Whether it's the glare from my neighbors' overdone rooftop spectacle, the simple beauty of the menorah that graces my friend's table or the glow of the Advent candles on mine, it seems to me this season is all about light. Depending on your faith tradition, it could be the bright starlight that guided the way to a manger; the light from a warm fire on the darkest day of the year; light from eight oil candles that were never meant to burn; or the oft spoken blessing, Namaste - the light in me, sees the light in you.
Especially this year, against the tragedy, terror and turmoil that regularly appear on my newsfeed, I've found precious measures of hope and solace in the season's rituals and the promise of light that dispels darkness.
It's no surprise that light and goodness are nearly synonymous for me. I think it's a wonderful hazard of this work - every day, I get to celebrate a Daily Point of Light, continuing the tradition that President George H. W. Bush started from the White House - honoring ordinary citizens who are creating extraordinary change in lives and communities. Theirs are inspiring and instructive examples, and daily doses of hope for this idealist's heart.
But often, the most powerful impact of these changemakers is that they shine a spotlight on an injustice, a societal ill, so deeply felt that it spurred them to action. It's the kind of bright, troubling light that can awaken countless others and create a burning desire to right a wrong. The kind that ignites movements.
Volunteers and advocates do this. History's great changemakers did this. Increasingly, companies are doing this, too. In the spirit of this season, I want to share the stories of three Daily Points of Light who have inspired and awakened me; and the innovative corporate champion, L'Oréal Paris, who named them all "Women of Worth."
Worried about gang violence in her Roseland neighborhood of Chicago, Diane Latiker, Daily Point of Light #5773, opened her home to neighborhood teens in 2003 and Kids Off the Block was born. She promised her house would be open to them 24 hours a day, seven days a week, as a safe place where they could come for food, homework help, or just to talk about their hopes, dreams and fears. Since then, Kids Off the Block has been a positive force in the lives of more 3,000 young people. The organization has outgrown Diane's home and continues to offer a safe space for young people, making this commitment: We will guide you, respect you, care for you, love you, provide a safe place for you, build a relationship with you, listen to you, and help you to succeed.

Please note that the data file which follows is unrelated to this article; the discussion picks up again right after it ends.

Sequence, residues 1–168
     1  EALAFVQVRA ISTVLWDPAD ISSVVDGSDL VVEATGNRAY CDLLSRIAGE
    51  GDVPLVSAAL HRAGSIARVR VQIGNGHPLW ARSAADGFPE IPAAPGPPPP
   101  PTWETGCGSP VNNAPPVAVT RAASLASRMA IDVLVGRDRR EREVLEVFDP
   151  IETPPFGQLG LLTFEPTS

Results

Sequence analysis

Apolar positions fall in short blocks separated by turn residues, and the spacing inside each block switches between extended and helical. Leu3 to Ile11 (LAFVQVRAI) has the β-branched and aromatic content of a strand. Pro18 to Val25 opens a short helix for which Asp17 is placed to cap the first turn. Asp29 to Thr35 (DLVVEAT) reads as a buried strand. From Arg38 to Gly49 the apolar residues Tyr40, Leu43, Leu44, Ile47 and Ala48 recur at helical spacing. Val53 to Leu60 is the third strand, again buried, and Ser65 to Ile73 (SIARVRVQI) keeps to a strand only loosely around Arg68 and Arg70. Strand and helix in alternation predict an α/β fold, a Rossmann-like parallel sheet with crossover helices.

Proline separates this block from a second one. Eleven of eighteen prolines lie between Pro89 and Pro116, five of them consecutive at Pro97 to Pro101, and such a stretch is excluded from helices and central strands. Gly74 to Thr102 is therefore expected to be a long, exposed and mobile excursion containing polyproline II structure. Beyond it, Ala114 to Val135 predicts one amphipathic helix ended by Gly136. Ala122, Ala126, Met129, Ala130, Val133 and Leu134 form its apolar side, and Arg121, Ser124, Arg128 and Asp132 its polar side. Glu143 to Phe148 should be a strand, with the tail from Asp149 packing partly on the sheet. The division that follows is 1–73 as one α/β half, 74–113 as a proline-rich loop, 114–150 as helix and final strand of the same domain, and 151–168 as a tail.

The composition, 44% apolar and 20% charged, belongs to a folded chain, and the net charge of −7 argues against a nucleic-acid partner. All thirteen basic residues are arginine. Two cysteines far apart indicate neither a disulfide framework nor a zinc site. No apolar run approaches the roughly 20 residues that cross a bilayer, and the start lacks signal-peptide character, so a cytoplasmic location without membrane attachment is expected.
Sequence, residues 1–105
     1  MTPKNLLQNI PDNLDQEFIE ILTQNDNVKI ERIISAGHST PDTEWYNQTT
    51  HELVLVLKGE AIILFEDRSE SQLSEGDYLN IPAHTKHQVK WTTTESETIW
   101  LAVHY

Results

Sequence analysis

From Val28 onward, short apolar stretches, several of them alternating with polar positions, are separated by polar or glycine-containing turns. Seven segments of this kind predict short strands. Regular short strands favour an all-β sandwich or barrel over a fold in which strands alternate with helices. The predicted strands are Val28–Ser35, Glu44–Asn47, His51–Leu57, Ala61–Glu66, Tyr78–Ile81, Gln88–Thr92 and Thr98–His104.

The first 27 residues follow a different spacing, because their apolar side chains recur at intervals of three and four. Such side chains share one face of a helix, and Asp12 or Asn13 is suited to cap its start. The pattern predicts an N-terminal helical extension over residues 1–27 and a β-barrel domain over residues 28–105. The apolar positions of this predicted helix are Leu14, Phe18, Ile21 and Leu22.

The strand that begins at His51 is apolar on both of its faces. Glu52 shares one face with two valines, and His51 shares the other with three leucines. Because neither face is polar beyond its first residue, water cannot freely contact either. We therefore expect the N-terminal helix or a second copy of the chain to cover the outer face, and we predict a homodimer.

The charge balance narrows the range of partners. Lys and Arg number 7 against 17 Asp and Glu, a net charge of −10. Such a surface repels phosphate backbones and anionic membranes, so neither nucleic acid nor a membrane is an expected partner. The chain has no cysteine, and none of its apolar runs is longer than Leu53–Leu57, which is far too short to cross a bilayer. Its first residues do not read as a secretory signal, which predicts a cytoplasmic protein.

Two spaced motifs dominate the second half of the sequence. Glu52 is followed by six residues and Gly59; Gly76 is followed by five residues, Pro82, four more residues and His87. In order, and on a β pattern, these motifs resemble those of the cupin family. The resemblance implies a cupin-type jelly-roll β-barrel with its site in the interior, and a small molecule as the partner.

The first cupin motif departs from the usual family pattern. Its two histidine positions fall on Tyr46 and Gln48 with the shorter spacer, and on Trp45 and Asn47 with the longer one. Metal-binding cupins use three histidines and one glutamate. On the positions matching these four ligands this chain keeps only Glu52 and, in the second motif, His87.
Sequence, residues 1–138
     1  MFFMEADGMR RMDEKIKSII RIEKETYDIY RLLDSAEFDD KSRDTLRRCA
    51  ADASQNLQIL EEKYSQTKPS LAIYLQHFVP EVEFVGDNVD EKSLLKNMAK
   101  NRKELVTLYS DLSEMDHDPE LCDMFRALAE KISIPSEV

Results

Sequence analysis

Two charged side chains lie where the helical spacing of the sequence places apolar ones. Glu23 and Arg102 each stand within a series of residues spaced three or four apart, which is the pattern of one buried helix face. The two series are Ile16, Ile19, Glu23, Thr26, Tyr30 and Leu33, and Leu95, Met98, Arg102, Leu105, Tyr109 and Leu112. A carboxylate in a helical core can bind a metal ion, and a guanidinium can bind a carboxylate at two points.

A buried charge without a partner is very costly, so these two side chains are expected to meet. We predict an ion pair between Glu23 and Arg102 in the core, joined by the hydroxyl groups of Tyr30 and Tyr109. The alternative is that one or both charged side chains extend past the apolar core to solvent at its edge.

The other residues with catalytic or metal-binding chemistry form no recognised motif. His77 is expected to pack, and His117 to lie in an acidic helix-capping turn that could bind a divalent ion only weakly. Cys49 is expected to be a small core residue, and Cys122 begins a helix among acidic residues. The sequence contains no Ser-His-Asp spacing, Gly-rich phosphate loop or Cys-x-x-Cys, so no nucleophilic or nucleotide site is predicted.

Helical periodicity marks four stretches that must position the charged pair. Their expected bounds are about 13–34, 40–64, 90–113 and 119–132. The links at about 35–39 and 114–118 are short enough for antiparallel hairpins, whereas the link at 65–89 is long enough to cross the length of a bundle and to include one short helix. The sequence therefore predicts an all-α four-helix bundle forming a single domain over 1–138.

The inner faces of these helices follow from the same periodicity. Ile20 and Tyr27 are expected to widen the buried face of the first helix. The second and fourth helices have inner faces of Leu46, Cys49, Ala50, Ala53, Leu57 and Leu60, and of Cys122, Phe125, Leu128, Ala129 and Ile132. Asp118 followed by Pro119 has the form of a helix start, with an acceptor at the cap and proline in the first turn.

Troubled by the horror of child exploitation and shocking statistics - 300,000 children are sexually abused in the United States each year - Carly Yoost, Daily Point of Light #5856, uses advanced technology to stop online predators. Her Child Rescue Coalition helps investigators, police officers, digital forensic experts, prosecutors and child welfare agencies identify and apprehend predators and rescue abused children. By compiling and curating millions of records that are indexed and immediately retrievable by law enforcement officials, CRC's global force has helped arrest 8,391 predators and rescue 1,929 children from abuse.
The facts about youth homelessness are shocking: Every year, more than 500,000 unaccompanied, single youth experience a homelessness episode of longer than one week; 57 percent of homeless youth go without food at least one day each month; Unemployment rates of homeless youth 16-24 are as high as 75 percent. In Orange County, California, Daily Point of Light #5855 Kathy Tillotson's program Build Futures gets homeless kids off the streets within 24 hours of a call for help, finds them permanent housing and helps them become self-sufficient. Through individualized assistance, coaching and mentoring, her highly effective and committed all-volunteer army is having significant impact - and today an astonishing 75 percent of the homeless youth they've helped are housed, employed and self-sufficient.
With its Women of Worth program, now in its 10th year, L'Oréal Paris uses the power of its iconic brand to lift-up these extraordinary changemakers and shine a light on the issues and injustices they are tackling. It's one of many great examples of corporate changemaking. Especially this year, I am thankful for the changemakers - the points of light in our world - and the hope they inspire in all of us. Thank you for your service and your support.